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I am looking to have one of my Windows Forms applications be run programmatically—from the command line. In preparation, I have separated the logic in its own class from the Form. Now I am stuck trying to get the application to switch back and forth based on the presence of command line arguments.

Here is the code for the main class:

static class Program
{
    /// <summary>
    /// The main entry point for the application.
    /// </summary>
    [STAThread]
    static void Main()
    {
        string[] args = Environment.GetCommandLineArgs();
        if (args.Length > 1) // gets passed its path, by default
        {
            CommandLineWork(args);
            return;
        }         

        Application.EnableVisualStyles();
        Application.SetCompatibleTextRenderingDefault(false);
        Application.Run(new Form1());
    }

    private static void CommandLineWork(string[] args)
    {
        Console.WriteLine("It works!");
        Console.ReadLine();
    }

where Form1 is my form and the It works! string is just a placeholder for the actual logic.

Right now, when running this from within Visual Studio (with command line arguments), the phrase It works! is printed to the Output. However, when running the /bin/Debug/Program.exe file (or /Release for that matter) the application crashes.

Am I going about this the right way? Would it make more sense (i.e. take less developer time) to have my logic class be a DLL that gets loaded by two separate applications? Or is there something entirely different that I'm not aware of?

Thanks in advance!

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What exception are you getting when the app crashes? Also, I assume it should be args.Length >= 1 (or > 0) instead of > 1? –  Nelson Rothermel May 11 '10 at 19:54

5 Answers 5

up vote 17 down vote accepted

You'll need to P/Invoke AllocConsole() if you detect a command line argument. Check my answer in this thread for the required code. A C# sample is further down the page. Repeated here because I don't trust that crummy forum site:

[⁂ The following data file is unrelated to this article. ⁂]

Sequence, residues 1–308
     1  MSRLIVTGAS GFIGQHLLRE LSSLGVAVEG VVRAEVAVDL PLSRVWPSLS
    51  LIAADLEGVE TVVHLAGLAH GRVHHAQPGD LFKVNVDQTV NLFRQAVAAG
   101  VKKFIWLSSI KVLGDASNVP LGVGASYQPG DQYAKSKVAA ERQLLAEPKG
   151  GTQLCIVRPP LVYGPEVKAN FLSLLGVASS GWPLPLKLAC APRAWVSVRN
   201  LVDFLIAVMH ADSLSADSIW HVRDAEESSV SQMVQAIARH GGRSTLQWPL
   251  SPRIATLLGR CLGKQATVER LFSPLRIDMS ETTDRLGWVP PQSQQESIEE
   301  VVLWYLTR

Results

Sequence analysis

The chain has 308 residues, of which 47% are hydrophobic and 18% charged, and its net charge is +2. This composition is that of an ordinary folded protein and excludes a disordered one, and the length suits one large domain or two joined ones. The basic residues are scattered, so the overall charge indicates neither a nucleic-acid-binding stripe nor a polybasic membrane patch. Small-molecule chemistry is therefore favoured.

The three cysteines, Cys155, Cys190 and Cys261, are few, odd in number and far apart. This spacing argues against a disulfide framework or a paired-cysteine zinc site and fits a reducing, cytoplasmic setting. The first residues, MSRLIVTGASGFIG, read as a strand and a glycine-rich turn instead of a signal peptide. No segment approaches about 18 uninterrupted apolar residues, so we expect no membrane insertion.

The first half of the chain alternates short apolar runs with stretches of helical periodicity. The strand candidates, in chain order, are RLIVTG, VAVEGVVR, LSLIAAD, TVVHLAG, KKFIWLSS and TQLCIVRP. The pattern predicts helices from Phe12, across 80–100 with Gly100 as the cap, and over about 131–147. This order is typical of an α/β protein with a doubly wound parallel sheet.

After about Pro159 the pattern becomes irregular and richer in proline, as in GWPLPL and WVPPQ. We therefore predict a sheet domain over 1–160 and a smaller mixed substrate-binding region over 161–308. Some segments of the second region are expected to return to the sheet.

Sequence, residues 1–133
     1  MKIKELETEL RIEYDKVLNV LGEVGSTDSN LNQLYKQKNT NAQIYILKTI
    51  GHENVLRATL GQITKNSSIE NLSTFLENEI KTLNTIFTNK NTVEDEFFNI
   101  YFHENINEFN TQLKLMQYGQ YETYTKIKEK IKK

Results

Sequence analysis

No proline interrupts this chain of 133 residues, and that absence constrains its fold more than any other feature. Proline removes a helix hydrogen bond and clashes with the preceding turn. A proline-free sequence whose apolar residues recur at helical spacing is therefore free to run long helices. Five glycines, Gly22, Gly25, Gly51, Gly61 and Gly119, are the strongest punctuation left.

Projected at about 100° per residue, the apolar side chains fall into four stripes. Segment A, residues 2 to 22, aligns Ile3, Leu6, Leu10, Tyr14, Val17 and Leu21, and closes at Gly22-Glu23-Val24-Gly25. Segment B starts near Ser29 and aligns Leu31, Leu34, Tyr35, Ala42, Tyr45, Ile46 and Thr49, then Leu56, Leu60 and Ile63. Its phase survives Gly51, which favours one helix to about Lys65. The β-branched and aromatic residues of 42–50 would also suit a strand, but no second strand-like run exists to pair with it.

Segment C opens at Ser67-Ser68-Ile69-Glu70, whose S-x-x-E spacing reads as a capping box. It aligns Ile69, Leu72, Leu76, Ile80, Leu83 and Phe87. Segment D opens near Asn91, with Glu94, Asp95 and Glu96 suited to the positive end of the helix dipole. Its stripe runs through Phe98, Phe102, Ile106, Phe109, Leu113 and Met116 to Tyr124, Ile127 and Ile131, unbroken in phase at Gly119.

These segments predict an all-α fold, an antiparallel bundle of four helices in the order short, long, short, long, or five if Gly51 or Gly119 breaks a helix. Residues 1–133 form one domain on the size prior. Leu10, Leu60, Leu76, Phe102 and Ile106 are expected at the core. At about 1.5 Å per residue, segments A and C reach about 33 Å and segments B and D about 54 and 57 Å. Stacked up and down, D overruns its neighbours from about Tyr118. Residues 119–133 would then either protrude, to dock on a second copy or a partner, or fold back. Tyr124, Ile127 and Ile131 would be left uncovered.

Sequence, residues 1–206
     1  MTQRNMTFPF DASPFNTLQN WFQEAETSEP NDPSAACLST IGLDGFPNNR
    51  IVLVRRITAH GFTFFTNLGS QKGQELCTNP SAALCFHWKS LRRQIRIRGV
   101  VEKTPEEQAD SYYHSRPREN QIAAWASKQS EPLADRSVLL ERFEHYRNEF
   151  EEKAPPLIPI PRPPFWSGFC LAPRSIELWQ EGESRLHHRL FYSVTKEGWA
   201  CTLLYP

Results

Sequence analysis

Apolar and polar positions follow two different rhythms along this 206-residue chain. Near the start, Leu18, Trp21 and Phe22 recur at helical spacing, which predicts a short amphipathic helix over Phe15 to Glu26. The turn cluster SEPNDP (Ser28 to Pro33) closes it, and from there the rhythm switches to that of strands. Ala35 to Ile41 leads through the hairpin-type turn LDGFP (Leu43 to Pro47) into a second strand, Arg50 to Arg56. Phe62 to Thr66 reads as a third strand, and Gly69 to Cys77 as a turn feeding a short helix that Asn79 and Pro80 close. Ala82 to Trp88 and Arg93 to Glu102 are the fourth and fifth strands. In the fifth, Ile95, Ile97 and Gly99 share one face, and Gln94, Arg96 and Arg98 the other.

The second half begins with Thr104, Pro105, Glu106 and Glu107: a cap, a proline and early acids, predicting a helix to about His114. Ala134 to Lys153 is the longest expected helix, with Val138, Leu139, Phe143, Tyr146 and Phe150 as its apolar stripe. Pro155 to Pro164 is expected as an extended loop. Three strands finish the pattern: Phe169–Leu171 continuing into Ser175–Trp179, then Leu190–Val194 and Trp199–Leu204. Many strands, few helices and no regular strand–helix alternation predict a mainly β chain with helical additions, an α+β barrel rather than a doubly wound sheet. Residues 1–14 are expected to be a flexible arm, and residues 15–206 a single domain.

using System;
using System.Windows.Forms;

namespace WindowsApplication1 {
  static class Program {
    [STAThread]
    static void Main(string[] args) {
      if (args.Length > 0) {
        // Command line given, display console
        AllocConsole();
        ConsoleMain(args);
      }
      else {
        Application.EnableVisualStyles();
        Application.SetCompatibleTextRenderingDefault(false);
        Application.Run(new Form1());
      }
    }
    private static void ConsoleMain(string[] args) {
      Console.WriteLine("Command line = {0}", Environment.CommandLine);
      for (int ix = 0; ix < args.Length; ++ix)
        Console.WriteLine("Argument{0} = {1}", ix + 1, args[ix]);
      Console.ReadLine();
    }

    [System.Runtime.InteropServices.DllImport("kernel32.dll")]
    private static extern bool AllocConsole();
  }
}
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You can also use FreeConsole: stackoverflow.com/questions/1786840/… –  adrianbanks May 11 '10 at 20:36
    
Why not just make it a console app in the first place and then reference the Forms assembly for the windowing? –  Chris Dunaway May 11 '10 at 21:52
    
@Chris: get a console only on demand, not always. FreeConsole is a nasty flash. –  Hans Passant May 11 '10 at 22:09
    
Fantastic! This works perfectly. Thank you! –  mkenyon May 11 '10 at 22:16

Not sure if it makes a difference but instead of

static void Main()
{
        string[] args = Environment.GetCommandLineArgs();

you can instead put

static void Main(string[] args)
{
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As this is no solution to the problem at hand this should be a comment not a answer? –  Peter May 23 at 7:49

Yes it would be better to make two frontend .exes (one for the command line and one for windowing).

The main reason is that you have to specify the output type for your project (either command line or Windows application and you can't select both.

So you would have to always use the Windows application output type (which comes at an overhead for the Windows messaging system and doesn't give you "real" command line).

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Are you actually going to run it as a real console app with asking the user to enter data etc, or are you just going to start it up with some arguments so that it can be run from a batch file or a scheduled task or similar?

If it's a real console app, I'd agree with Foxfire that it's probably worth having 2 exe files, but otherwise I'd keep it as one exe. I've done plenty of those without any issues.

What's the exact exception that's occuring though?

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Go to the project properties

On the Application tab you should see a dropdown list named Output Type. Change this to Console Application.

There, you have both a window and a console. Now your code with command argument should work.

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